I wrote the following a few years back for Junior Bassmaster. It explains how fish breathe and why proper care in a livewell is so important. With that in mind, please check out the V-T2 from New Pro Products. It’s an amazing innovation for maintaining a healthy livewell environment. It’s also easy to install and inexpensive.
If sharks had feet, they would wear out a lot of shoes.
Many species of sharks, along with tunas, must constantly move in order to breathe. That can make it tough to get a good night’s sleep.
Bass and most other fish are lucky. Like us, they can breathe while they are not moving. And like us, they breathe to put oxygen into their bodies so that they can live.
But bass, sharks, and all other fish are very different from us in how they get that oxygen. We breathe in air so that our lungs can obtain oxygen. By contrast, fish push water through their mouths and across their gills, which take in the oxygen that they need. Most fish just open and close their mouths to push the water, while tunas and some sharks must move to do so.
Having gills, makes a bass a real “fish out of water” when you pull it onto shore or into your boat. Unless you treat it with care and put it quickly into a livewell or back into a lake or river, it will die because it can not get the oxygen it needs from air.
Some species, such as catfish, can live longer out of water than others. But always it is a good idea to return a fish to water as soon as possible.
In that watery world, a bass breathes by opening its mouth and drawing in water. As it does that, it closes its gill covers tight over its gill openings. Then it closes it mouth and drives the water over its gills and out with special throat muscles.
Gills are those bright red feathery organs that you see beneath the gill covers, or operculum, on the side of a fish’s head. As water is passed through, oxygen is absorbed through the gills and into the fish’s blood. From there, arteries take it throughout the body. As the oxygen is used up by the stomach, brain, liver, and other vital organs, the blood flows to the heart, where it is pumped back to the gills.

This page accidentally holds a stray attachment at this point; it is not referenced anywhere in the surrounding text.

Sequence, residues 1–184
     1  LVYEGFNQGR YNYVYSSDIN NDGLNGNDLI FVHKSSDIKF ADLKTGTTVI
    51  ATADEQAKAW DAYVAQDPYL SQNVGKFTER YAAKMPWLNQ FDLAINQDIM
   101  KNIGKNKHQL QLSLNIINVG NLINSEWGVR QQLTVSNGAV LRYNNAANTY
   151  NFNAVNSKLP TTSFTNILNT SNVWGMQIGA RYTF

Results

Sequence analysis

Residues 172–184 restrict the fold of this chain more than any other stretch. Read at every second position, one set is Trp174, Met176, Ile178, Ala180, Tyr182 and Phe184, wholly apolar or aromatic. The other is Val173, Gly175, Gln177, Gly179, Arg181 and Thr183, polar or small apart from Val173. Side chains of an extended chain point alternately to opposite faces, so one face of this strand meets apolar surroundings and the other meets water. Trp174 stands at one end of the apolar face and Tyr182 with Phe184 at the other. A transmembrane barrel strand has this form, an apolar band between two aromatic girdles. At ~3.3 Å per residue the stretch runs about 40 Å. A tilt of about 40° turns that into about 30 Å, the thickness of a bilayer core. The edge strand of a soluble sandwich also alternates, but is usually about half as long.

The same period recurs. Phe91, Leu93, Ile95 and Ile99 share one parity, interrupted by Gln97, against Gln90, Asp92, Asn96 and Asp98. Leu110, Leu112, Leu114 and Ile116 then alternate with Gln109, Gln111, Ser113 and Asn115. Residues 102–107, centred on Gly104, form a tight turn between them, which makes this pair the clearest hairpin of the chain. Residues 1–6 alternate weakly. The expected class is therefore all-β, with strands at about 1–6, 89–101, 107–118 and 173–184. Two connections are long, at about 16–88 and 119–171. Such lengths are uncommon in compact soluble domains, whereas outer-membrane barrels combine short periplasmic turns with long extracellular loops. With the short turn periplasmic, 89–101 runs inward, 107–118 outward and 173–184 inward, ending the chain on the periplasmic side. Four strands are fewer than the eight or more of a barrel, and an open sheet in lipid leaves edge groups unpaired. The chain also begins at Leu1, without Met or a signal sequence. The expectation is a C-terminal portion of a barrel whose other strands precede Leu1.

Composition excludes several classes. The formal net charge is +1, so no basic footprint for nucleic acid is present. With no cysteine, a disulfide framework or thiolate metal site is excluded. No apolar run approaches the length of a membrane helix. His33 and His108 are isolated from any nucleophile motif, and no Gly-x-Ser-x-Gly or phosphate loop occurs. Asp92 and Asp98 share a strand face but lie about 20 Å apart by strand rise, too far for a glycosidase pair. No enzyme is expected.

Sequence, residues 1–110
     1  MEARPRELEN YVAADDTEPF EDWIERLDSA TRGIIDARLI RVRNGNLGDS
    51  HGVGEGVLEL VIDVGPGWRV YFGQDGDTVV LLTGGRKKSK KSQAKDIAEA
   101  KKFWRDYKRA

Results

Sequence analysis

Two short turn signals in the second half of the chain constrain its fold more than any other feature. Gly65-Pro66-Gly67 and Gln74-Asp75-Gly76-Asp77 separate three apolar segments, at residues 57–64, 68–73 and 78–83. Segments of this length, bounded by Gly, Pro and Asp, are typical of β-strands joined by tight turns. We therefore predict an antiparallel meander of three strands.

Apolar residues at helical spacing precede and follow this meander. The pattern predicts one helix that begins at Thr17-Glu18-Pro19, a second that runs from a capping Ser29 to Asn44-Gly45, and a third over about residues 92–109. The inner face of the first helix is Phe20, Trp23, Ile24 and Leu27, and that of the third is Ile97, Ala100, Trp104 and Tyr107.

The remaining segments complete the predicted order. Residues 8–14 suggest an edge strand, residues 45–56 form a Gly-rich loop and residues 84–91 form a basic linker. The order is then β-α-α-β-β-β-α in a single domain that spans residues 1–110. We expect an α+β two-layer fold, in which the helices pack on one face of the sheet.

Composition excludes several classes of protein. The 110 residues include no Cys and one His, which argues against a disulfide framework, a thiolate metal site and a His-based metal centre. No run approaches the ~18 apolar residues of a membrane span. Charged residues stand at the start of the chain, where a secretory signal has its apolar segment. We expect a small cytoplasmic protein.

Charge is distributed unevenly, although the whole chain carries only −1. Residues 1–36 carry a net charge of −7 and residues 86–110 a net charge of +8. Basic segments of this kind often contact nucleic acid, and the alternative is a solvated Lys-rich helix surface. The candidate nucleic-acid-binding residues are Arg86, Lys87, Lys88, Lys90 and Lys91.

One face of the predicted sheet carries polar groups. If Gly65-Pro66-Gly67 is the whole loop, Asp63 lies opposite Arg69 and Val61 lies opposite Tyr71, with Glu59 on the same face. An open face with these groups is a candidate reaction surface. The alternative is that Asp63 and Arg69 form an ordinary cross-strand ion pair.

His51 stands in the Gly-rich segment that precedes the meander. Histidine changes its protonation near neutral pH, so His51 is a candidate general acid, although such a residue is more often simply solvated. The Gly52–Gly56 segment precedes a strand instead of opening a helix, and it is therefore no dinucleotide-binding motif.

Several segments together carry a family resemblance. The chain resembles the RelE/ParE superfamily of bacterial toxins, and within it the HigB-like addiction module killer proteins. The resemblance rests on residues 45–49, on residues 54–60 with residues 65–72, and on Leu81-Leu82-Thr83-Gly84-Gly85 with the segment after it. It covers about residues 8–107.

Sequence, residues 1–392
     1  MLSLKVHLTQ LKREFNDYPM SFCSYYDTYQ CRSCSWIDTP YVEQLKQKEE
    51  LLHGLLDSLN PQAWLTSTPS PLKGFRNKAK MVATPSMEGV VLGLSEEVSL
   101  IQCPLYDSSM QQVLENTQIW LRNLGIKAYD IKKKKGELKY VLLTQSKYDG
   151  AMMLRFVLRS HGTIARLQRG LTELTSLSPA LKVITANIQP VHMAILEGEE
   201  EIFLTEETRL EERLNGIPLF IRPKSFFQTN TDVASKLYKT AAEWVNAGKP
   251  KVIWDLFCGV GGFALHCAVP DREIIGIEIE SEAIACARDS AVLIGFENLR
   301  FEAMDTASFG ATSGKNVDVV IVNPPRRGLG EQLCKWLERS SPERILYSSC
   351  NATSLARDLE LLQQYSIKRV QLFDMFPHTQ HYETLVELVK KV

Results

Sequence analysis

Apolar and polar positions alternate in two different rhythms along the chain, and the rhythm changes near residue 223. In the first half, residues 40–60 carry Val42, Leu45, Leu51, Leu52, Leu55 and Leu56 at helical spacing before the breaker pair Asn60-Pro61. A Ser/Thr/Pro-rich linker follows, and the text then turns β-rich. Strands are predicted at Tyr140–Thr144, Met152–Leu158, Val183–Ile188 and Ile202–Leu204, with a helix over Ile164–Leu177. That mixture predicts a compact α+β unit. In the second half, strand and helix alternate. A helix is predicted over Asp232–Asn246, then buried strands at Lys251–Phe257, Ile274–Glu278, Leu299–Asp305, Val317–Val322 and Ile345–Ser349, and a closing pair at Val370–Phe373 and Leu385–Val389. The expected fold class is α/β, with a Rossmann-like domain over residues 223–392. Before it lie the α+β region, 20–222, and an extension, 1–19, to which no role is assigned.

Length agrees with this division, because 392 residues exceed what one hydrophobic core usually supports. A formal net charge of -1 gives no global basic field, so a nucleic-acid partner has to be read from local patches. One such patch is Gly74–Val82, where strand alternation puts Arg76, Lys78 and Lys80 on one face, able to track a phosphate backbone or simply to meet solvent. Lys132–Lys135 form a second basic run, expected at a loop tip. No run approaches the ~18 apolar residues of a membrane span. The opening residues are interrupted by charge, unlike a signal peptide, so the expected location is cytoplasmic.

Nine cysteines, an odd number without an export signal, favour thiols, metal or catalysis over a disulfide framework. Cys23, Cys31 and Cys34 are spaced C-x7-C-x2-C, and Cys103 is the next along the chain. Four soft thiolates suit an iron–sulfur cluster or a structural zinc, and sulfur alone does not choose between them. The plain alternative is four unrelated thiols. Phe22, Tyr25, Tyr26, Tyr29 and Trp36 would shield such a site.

Some water is better for breathing than other water. That’s why you should keep your livewell --- and your aquarium at home--- aerated. That means using turbulence from a pump to put oxygen into the water.
You must do this because fish, like us, produce carbon dioxide as waste as they breathe. In a closed container without aeration, a fish soon would use up all of the oxygen and die of suffocation, just as it does when left out in the air for too long. Turbulence replaces the carbon dioxide with live-giving oxygen.
Pumping oxygen in becomes even more important as the water heats up. That’s because warmer water can’t hold as much oxygen as can cooler. Also, a bass needs more oxygen in hot weather because it is cold-blooded and higher temperatures make it more active.
Bass sometimes die in small, shallow ponds during summer, because the water is so warm that it can’t hold enough oxygen for the fish to survive.
In the north, they also might die of suffocation in the winter, when ponds and lakes freeze over. Ice keeps the water from absorbing oxygen from the air. Also, snow cover on the ice can be a killer, as it prevents sun from reaching underwater plants. Without sunlight, plants don’t “breathe” in the water’s carbon dioxide and breathe out the oxygen that fish require.
But such “kills” don’t mean that bass are delicate creatures compared to other fish. Under the same circumstances, just about any other freshwater species would die as well.
Actually, bass are among the most hardy and adaptable, which is why we can fish for them in 49 of the 50 states, from the icy waters of Montana to the sun-warmed waters of Florida.
Wherever you catch them, though, don’t forget that a bass needs water in the same way that you need air. As quickly as you can, let that fish breathe again.